Make a pretty pair of French door curtains with bargain material and a few straight-line seams
If you are having trouble finding the right window treatment for your French doors, the answer is a simplified version of the hourglass panel curtain. You can make the panels yourself and if you shop the discount material shelves, you will spend only a few dollars.
French doors can be a challenge, but if you decide to use material, they look best covered in a sheer or lightweight material. Depending on the length, you can purchase sheets or rectangular tablecloths. For the best price, though, look through the bargain shelves. You will need a lighter weight material so the tops and bottoms will gather tightly.
Use the rod pocket design for your panels. This will give you a small "ruffle" on both ends. If you choose to leave off the ruffle, adjust your measurements accordingly.
Hourglass curtains are great, but work best if you trim out a long curve on each side of the panel. With this modified method, you will sew two panels per door. Then you can sew straight hems and still create an hourglass effect with each panel.
Purchase French door rods or panel rods at your local home improvement center. They are very inexpensive and are expandable. They are designed to keep the material taut from top to bottom. Position each rod at least 2 inches above and 2 inches below the glass panes and at least 2 inches on each side. This will give you more privacy when they are closed.
To determine final sewn pocket size, measure from the top side of the top rod to the underside of the bottom rod. For ruffles, add at least 4 inches of material to each end. Leave extra material until you have finished your top seam, which will include the ruffle.
Panel width should be equal to twice the size of a finished panel. In other words, if your French door glass, including trim, is 22 inches wide, then each panel would be 22 inches in final sewn size, plus 1 1/2 inches for each side seam. Remember, you are setting up 2 panels for the 22 inches.
Wash and dry the material first, then iron. Lightweight material tends to fray easily, so you will want to double stitch the side seams and add 1/2-inch hemming ribbon to the tops and bottoms. You will also need matching thread and extra wide hemming ribbon to make the tie-backs - enough to make four ties for each door.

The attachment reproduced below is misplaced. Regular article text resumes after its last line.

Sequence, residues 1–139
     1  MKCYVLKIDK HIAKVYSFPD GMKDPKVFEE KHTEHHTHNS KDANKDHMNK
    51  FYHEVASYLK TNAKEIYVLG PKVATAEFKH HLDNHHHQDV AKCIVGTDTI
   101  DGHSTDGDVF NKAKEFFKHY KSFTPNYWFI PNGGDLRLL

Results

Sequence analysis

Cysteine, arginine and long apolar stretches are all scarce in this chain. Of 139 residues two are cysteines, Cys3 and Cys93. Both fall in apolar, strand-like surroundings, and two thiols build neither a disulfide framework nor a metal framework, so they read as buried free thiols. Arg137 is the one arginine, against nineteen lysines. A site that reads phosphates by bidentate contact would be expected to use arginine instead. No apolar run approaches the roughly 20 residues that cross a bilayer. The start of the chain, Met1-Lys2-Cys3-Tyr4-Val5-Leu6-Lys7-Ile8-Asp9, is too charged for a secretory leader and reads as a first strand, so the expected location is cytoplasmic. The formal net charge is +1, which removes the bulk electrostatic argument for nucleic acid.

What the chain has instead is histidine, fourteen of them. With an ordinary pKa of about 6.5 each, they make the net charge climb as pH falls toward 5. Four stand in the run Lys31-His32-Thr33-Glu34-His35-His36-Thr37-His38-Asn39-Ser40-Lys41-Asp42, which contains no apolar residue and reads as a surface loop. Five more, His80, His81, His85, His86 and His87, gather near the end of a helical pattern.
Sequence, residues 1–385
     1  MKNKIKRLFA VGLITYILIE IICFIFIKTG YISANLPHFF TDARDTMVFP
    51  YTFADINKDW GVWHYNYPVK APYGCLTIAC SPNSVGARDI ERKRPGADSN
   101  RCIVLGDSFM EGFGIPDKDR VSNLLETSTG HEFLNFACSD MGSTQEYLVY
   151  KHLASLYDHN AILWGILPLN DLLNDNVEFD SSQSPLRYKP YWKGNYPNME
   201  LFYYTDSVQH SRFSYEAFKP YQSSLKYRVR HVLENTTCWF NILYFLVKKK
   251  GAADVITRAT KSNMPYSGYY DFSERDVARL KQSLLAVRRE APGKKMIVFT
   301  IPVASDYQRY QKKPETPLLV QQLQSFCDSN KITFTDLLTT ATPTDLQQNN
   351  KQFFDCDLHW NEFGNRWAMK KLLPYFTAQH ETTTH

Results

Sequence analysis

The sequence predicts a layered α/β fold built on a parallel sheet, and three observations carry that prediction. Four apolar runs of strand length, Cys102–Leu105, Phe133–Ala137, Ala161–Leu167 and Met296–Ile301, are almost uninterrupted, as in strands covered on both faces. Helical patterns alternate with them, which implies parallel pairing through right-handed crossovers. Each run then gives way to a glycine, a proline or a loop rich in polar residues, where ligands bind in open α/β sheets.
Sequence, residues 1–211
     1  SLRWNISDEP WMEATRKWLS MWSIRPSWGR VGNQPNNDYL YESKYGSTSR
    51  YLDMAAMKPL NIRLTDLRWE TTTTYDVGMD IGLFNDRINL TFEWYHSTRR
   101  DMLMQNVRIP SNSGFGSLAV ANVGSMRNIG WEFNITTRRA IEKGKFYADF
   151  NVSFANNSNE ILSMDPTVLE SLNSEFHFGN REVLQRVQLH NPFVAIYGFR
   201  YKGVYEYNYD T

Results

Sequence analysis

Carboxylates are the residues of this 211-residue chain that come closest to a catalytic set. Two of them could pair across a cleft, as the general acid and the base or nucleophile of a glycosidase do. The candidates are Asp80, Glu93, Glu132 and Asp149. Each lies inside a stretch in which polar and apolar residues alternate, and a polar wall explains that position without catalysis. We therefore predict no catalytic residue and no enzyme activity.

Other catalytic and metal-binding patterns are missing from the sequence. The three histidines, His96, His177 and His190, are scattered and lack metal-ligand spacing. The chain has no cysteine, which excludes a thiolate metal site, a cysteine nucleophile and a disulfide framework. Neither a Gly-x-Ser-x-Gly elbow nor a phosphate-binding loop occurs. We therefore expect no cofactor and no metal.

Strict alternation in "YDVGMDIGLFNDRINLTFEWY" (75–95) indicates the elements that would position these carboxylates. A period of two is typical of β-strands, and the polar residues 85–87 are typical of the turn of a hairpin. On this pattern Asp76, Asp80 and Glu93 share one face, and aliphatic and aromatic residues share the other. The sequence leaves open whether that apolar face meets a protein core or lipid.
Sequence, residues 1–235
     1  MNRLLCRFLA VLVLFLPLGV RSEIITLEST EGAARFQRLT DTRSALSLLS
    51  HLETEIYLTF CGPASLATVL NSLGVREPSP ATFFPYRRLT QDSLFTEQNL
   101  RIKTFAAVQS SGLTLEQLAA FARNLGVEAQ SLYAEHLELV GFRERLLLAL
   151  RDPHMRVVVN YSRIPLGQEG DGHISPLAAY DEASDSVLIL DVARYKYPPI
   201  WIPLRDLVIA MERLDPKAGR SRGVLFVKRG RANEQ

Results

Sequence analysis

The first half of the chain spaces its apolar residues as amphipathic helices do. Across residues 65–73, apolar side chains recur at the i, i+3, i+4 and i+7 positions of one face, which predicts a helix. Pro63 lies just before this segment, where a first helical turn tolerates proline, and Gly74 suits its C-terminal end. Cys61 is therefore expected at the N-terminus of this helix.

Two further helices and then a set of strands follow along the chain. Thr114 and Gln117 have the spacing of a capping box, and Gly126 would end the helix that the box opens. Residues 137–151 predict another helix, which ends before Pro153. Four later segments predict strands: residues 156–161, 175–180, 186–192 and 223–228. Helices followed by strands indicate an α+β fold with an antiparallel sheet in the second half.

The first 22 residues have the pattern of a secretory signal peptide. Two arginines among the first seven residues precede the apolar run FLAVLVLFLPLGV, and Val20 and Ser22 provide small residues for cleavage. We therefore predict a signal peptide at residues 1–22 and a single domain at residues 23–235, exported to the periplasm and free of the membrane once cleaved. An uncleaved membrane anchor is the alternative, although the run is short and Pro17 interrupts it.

Sew the side seams first. Mark at ½ and ½ and ½. Turn under at the first ½ and press. Then turn under at the second ½-mark and iron. Sew the seam closed.
You want to sew your top seam first. Then, you will mark your bottom seams and test for accuracy.
Sew the ½-inch hem tape to the top edge, fold over and press with an iron. Fold again for a 1-inch width, iron, pin, and sew closed.
Now you will create the casing by turning the material in at 2 ¼ inches. Iron, pin it, and sew, leaving a ¼-inch edge. You will now make one more mark - 1 inch from the top - all the way across the material. Stitch this down. You have now created your pole pocket; the ruffle will form when you position the panel on the rod.
Hang the curtain to make your bottom measurement, making your calculations based on pulling the panel taut and adjusting accordingly from the underside of the bottom rod.
For the tie-backs, sew the extra wide hemming tape closed, reverse it, and press down. Turn the ends inward and hand-stitch closed. Fold them in half and attach them with a light stitch on one side of each panel at the midway point.
You can now tie back the panels to let in light and to create the double hourglass effect. The tie-backs are unobtrusive. Replace them for special occasions with larger colored ribbons to fit in with the season for an instant decorative accent.
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